Animalia > Chordata > Mammalia > Rodentia > Muroidea > Cricetidae > Myodes > Myodes glareolus
 

Myodes glareolus (Bank vole)

Synonyms:

Wikipedia Abstract

The bank vole (Myodes glareolus; formerly Clethrionomys glareolus) is a small vole with red-brown fur and some grey patches, with a tail about half as long as its body. A rodent, it lives in woodland areas and is around 100 millimetres (3.9 in) in length. The bank vole is found in western Europe and northern Asia. It is native to Great Britain but not to Ireland, where it has been accidentally introduced, and has now colonised much of the south and southwest.
View Wikipedia Record: Myodes glareolus

Attributes

Adult Weight [1]  21 grams
Birth Weight [1]  2 grams
Male Weight [3]  22 grams
Diet [2]  Carnivore (Invertebrates), Granivore, Herbivore
Diet - Invertibrates [2]  20 %
Diet - Plants [2]  50 %
Diet - Seeds [2]  30 %
Forages - Ground [2]  100 %
Female Maturity [1]  47 days
Male Maturity [1]  72 days
Gestation [1]  20 days
Litter Size [1]  4
Litters / Year [1]  3
Maximum Longevity [1]  5 years
Snout to Vent Length [3]  4.331 inches (11 cm)
Weaning [1]  20 days

Ecoregions

Protected Areas

Ecosystems

Biodiversity Hotspots

Name Location Endemic Species Website
Mediterranean Basin Algeria, Egypt, France, Greece, Israel, Jordan, Lebanon, Libya, Portugal, Spain, Syria, Tunisia, Turkey No

Prey / Diet

Lasius niger (Black garden ant)[4]
Quercus robur (Pedunculate Oak)[4]

Prey / Diet Overlap

Predators

Consumers

Institutions (Zoos, etc.)

    Maps
Institution Infraspecies / Breed 
Museum de Besancon
Parc Zoologique Fort Mardyck
Ranua Wildlife Park

Distribution

External References

Photos

Citations

Attributes / relations provided by
1de Magalhaes, J. P., and Costa, J. (2009) A database of vertebrate longevity records and their relation to other life-history traits. Journal of Evolutionary Biology 22(8):1770-1774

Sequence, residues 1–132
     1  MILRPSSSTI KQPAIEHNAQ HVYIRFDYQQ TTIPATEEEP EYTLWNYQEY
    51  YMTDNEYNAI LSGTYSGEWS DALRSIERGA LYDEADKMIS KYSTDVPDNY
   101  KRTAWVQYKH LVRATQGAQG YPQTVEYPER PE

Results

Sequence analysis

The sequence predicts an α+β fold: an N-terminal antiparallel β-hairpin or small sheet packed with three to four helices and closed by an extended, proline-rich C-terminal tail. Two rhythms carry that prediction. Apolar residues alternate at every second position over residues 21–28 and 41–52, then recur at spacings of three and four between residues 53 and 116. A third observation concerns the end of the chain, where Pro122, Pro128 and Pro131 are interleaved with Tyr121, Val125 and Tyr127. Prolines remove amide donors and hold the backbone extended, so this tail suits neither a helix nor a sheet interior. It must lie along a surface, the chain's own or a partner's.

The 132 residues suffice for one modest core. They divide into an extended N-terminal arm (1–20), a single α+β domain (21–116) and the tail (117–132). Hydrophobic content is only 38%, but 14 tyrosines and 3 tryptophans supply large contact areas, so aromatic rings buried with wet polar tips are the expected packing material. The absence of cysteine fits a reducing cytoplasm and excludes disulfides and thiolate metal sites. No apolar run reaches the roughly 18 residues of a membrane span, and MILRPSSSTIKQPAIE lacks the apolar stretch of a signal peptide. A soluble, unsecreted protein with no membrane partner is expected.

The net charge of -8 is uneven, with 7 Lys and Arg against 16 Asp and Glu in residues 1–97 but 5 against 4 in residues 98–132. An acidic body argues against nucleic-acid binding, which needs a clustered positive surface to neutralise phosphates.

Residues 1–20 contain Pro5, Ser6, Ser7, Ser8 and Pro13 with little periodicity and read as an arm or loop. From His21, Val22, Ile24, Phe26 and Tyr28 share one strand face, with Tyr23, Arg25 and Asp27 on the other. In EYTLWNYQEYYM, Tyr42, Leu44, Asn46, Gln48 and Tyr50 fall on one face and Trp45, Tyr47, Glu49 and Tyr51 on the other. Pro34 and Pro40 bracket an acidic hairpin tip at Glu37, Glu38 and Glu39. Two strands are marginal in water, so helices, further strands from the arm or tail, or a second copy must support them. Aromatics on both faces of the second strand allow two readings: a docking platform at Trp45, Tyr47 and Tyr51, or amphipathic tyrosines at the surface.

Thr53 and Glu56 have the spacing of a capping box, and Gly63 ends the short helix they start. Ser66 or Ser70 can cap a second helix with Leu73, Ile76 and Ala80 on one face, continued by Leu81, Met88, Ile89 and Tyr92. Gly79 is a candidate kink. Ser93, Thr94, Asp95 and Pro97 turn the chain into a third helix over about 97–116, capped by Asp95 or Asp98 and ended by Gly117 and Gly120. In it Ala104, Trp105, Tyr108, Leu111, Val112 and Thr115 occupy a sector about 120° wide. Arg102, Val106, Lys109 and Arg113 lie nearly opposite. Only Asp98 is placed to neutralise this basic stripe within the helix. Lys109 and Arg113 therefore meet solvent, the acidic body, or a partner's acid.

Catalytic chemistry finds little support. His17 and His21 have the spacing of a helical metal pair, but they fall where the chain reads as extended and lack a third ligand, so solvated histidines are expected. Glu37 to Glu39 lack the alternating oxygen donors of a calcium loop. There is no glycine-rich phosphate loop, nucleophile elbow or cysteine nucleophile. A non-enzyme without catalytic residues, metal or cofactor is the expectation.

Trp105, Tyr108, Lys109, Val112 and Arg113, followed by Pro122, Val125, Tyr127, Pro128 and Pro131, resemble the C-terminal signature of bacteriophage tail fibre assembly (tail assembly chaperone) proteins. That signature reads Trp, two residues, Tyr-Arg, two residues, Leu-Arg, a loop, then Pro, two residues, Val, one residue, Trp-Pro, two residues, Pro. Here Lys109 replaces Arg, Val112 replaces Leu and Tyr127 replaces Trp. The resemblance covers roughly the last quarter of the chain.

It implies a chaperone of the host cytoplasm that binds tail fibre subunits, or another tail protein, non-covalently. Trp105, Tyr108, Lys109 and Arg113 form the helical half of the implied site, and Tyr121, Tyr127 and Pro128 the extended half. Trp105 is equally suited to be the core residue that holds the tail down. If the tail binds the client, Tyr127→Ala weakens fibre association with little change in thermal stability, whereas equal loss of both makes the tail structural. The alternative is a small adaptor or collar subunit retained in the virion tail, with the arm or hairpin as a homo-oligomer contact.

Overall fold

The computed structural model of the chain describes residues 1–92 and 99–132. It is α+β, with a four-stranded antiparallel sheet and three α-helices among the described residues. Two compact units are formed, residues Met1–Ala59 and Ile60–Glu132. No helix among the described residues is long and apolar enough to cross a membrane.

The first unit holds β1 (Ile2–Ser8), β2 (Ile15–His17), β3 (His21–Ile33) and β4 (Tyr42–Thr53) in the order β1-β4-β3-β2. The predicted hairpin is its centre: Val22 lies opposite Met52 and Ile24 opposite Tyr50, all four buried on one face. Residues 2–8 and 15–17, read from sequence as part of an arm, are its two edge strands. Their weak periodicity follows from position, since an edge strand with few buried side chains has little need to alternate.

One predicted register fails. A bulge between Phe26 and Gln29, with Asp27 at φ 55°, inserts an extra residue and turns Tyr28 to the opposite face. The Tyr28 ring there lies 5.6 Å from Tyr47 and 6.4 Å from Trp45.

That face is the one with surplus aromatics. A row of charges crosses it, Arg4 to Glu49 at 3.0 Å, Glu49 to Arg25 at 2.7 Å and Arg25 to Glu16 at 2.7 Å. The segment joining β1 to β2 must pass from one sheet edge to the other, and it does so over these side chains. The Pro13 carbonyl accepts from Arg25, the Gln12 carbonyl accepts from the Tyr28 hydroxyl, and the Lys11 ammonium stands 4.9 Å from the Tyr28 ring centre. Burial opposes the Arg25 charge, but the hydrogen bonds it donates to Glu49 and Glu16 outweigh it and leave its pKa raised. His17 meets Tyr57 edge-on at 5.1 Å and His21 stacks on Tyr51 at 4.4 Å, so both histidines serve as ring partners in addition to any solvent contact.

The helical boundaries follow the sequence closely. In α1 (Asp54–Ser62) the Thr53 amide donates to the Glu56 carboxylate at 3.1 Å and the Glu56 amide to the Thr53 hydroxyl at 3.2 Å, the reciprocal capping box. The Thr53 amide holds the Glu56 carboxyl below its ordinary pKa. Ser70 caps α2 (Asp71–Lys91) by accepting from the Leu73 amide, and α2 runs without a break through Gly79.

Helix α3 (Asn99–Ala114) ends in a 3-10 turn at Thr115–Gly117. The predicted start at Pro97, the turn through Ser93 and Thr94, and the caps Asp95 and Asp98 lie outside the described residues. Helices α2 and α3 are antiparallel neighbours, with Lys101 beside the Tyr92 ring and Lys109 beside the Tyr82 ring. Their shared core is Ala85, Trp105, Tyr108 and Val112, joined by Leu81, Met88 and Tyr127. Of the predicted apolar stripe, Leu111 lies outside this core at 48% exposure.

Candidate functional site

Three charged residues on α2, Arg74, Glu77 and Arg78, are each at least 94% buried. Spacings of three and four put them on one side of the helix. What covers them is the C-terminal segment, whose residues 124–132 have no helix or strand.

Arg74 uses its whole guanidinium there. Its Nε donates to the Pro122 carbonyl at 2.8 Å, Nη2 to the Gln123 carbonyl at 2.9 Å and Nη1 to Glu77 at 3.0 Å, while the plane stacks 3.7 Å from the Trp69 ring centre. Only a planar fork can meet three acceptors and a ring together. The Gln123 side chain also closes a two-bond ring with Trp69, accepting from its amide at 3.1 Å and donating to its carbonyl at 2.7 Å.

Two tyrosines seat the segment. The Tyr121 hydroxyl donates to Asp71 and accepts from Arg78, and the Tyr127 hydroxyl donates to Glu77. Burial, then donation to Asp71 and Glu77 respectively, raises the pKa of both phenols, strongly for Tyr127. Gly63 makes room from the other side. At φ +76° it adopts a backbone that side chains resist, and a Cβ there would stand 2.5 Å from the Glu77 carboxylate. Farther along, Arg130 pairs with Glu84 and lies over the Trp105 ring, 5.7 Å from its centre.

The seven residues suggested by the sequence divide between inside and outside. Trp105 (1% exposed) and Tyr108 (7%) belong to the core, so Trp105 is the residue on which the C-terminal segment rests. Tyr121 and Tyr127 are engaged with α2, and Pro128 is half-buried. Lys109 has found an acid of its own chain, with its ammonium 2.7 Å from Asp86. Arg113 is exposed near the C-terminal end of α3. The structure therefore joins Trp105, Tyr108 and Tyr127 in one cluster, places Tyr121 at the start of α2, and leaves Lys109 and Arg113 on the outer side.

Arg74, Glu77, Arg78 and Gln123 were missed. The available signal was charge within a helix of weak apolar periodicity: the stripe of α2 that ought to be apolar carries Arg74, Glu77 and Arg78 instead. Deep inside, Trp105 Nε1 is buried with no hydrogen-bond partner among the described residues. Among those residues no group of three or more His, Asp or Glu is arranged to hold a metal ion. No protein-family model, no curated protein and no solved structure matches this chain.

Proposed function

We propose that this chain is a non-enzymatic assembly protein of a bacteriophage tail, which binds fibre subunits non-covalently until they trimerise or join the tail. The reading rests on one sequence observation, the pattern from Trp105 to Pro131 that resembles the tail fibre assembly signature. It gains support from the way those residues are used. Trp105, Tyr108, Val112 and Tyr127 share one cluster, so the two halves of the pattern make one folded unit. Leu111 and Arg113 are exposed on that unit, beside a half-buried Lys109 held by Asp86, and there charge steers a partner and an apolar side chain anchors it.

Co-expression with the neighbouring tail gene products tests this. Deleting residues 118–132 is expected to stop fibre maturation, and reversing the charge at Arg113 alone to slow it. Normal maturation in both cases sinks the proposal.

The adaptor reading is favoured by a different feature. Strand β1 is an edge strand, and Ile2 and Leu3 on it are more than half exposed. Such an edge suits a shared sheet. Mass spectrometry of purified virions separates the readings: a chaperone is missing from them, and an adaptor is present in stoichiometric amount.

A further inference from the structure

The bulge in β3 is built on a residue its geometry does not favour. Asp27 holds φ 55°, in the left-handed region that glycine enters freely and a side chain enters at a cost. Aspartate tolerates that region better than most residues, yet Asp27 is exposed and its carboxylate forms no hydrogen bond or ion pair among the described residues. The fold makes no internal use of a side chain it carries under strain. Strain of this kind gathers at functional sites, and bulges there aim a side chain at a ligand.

2Hamish Wilman, Jonathan Belmaker, Jennifer Simpson, Carolina de la Rosa, Marcelo M. Rivadeneira, and Walter Jetz. 2014. EltonTraits 1.0: Species-level foraging attributes of the world's birds and mammals. Ecology 95:2027
3Nathan P. Myhrvold, Elita Baldridge, Benjamin Chan, Dhileep Sivam, Daniel L. Freeman, and S. K. Morgan Ernest. 2015. An amniote life-history database to perform comparative analyses with birds, mammals, and reptiles. Ecology 96:3109
4Ecology of Commanster
5Prey choice of Tengmalm's owls (Aegolius funereus funereus): preference for substandard individuals?, Vesa Koivunen, Erkki Korpimäki, Harri Hakkarainen, and Kai Norrdahl, Can. J. Zool. 74: 816-823 (1996)
6Jorrit H. Poelen, James D. Simons and Chris J. Mungall. (2014). Global Biotic Interactions: An open infrastructure to share and analyze species-interaction datasets. Ecological Informatics.
7Food habits of Zamenis longissimus (Laurenti, 1768) (Reptilia: Serpentes: Colubridae) in Bieszczady (south-eastern Poland), BARTŁOMIEJ NAJBAR, Vertebrate Zoology 57 (1) 2007, 73-77
8Gibson, D. I., Bray, R. A., & Harris, E. A. (Compilers) (2005). Host-Parasite Database of the Natural History Museum, London
9International Flea Database
Ecoregions provided by World Wide Fund For Nature (WWF). WildFinder: Online database of species distributions, ver. 01.06 WWF WildFINDER
Protected Areas provided by Biological Inventories of the World's Protected Areas in cooperation between the Information Center for the Environment at the University of California, Davis and numerous collaborators.
Natura 2000, UK data: © Crown copyright and database right [2010] All rights reserved. Ordnance Survey Licence number 100017955
Biodiversity Hotspots provided by Critical Ecosystem Partnership Fund
Abstract provided by DBpedia licensed under a Creative Commons License